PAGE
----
5 Must-Have SD-WAN Security Capabilities
As interest in Software-Defined Wide-Area Networks (SD-WAN) picks up among companies of all sizes, it’s becoming clear that one of the key drivers for the technology is security. The reason? SD-WAN lets companies deploy strong security features at the network edge and easily apply security policies throughout the network.
SD-WAN is clearly growing in popularity. The Frost & Sullivan 2018 SD-WAN survey of 350 U.S.-based IT decision-makers found that 15% of respondents had already deployed SD-WAN (up from 7% in 2016), another 18% had a deployment underway, and 61% said they would deploy within the next 2 years.
Among the reasons respondents were deploying SD-WAN, 76% of respondents cited the ability to apply granular security policies.
To learn more about what security features customers are looking for from SD-WAN vendors, I talked with Michael Lawson, General Manager for SD-WAN Solution Architecture for CenturyLink, which offers managed SD-WAN services.
Traditional security models were designed to support a walled castle approach where all of a company’s data, applications, and users operate behind a firewall at a centralized headquarters or data center. “With the cloudification of the enterprise, infrastructure and applications are moved out of the data center to the edge, so security perimeters are going away,” Lawson says. “Every access point and network element is prone to security breaches.”
SD-WAN lets IT leaders apply security policies using the SD-WAN appliances that sit in each edge location.
“Over 60% of CenturyLink SD-WAN customers have advanced security profile features enabled with the service,” Lawson says. Among the must-have features customers want are the following:
1. Policies for On-Demand Security: Once customers have an understanding of their operating environment, in terms of which resources are critical and which are less so, they can employ enterprise security policies that get deployed automatically either on the premises or in the cloud. “Enterprises want to spin up functions on demand when and where they need them, based on the applications they’re looking to run and secure,” he says.
2. Encryption: An example of a security feature that would be deployed on-premises is encryption, in order to enable site-to-site encryption, Lawson notes.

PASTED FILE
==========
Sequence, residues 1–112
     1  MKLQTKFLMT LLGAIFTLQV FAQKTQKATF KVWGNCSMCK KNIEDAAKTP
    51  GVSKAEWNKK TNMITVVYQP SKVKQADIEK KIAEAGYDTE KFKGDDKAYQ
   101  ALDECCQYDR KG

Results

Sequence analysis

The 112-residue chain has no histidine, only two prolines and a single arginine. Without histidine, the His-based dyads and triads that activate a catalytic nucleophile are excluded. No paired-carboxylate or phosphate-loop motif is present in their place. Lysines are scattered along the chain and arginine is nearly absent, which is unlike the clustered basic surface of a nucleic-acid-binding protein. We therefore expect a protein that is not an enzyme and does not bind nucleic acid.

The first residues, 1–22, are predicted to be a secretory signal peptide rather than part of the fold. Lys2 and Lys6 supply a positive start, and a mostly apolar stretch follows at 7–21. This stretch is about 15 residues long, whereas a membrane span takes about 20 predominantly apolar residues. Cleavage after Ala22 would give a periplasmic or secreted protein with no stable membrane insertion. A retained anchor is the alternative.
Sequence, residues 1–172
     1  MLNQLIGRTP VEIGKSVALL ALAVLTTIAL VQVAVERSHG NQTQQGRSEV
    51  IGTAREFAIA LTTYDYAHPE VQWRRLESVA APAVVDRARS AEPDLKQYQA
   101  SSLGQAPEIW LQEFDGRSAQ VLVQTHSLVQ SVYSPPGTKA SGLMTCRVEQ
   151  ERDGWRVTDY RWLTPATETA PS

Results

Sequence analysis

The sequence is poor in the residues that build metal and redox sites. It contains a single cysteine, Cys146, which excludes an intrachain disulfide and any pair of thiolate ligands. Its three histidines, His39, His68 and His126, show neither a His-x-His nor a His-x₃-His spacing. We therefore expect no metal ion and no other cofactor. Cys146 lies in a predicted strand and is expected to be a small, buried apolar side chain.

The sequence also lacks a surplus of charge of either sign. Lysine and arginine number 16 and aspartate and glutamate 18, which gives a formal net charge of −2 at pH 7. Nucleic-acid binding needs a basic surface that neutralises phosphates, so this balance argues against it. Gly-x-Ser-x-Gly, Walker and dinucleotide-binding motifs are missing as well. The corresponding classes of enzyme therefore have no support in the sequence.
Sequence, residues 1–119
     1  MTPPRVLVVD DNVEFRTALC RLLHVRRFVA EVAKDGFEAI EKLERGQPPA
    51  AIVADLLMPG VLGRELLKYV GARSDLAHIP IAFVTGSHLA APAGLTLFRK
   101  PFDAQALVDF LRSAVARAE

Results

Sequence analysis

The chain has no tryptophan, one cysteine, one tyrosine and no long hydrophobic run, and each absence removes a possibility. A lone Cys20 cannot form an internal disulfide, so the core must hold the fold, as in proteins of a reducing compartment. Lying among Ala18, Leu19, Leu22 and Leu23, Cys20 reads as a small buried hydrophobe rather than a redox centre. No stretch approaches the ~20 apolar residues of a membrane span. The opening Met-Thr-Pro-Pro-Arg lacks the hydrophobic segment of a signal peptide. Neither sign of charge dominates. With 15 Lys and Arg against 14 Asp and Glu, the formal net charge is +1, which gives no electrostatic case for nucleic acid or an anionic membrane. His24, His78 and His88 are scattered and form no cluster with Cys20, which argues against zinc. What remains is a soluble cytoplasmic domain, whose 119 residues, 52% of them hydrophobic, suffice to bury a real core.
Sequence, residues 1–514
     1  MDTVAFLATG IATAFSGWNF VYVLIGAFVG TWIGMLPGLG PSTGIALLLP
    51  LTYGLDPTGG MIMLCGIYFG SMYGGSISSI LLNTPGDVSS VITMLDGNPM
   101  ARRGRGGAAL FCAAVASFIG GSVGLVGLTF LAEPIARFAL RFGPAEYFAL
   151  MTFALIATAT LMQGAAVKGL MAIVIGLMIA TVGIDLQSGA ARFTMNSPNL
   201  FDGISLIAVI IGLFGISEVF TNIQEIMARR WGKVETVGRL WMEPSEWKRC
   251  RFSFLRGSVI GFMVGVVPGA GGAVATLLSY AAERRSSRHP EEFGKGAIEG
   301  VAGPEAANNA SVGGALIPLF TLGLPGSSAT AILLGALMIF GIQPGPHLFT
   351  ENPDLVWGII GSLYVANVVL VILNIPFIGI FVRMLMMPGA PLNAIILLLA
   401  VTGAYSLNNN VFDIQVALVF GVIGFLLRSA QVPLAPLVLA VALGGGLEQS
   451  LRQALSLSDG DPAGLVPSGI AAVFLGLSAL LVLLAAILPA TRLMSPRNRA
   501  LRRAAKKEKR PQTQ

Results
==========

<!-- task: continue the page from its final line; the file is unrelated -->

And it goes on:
3. Distributed Denial-of-Service (DDoS) Protection: On the other hand, protecting against DDOS attacks should be a cloud-based service. If you deploy a DDOS policy on premises and then get a DDOS attack targeting that location, the policy will kick in and likely shut down that location—effectively making the attack successful, Lawson says. A cloud-based service can detect and thwart the attack by denying or redirecting the suspicious traffic.
4. Unified Threat Management (UTM)/Firewalls: SD-WAN appliances should have UTM and/or next-generation firewall capabilities built in, to protect each branch location—getting back to the expanding perimeter point. That’s a big one, according to the Frost & Sullivan report. In terms of vendor selection criteria, “integrated UTM functionality or next generation firewall” was cited by 74% of respondents, second only to “cloud-based network management.”
5. Threat Intelligence: SD-WAN providers also provide access to a threat intelligence service that can identify and thwart threats. Increasingly, these services use artificial intelligence (AI) to help predict threats before they launch, based on suspicious traffic patterns. “CenturyLink, for example, runs an extremely large Internet backbone,” Lawson notes. “That creates an opportunity for us to see the world’s Internet traffic and enable a threat intelligence capability that allows us to see attacks as they happen, or even before, and take down bots and other security threats.”
Learn more about how SD-WAN can enable strong, distributed enterprise security.
This article was previously published on Network World on September 12, 2019.
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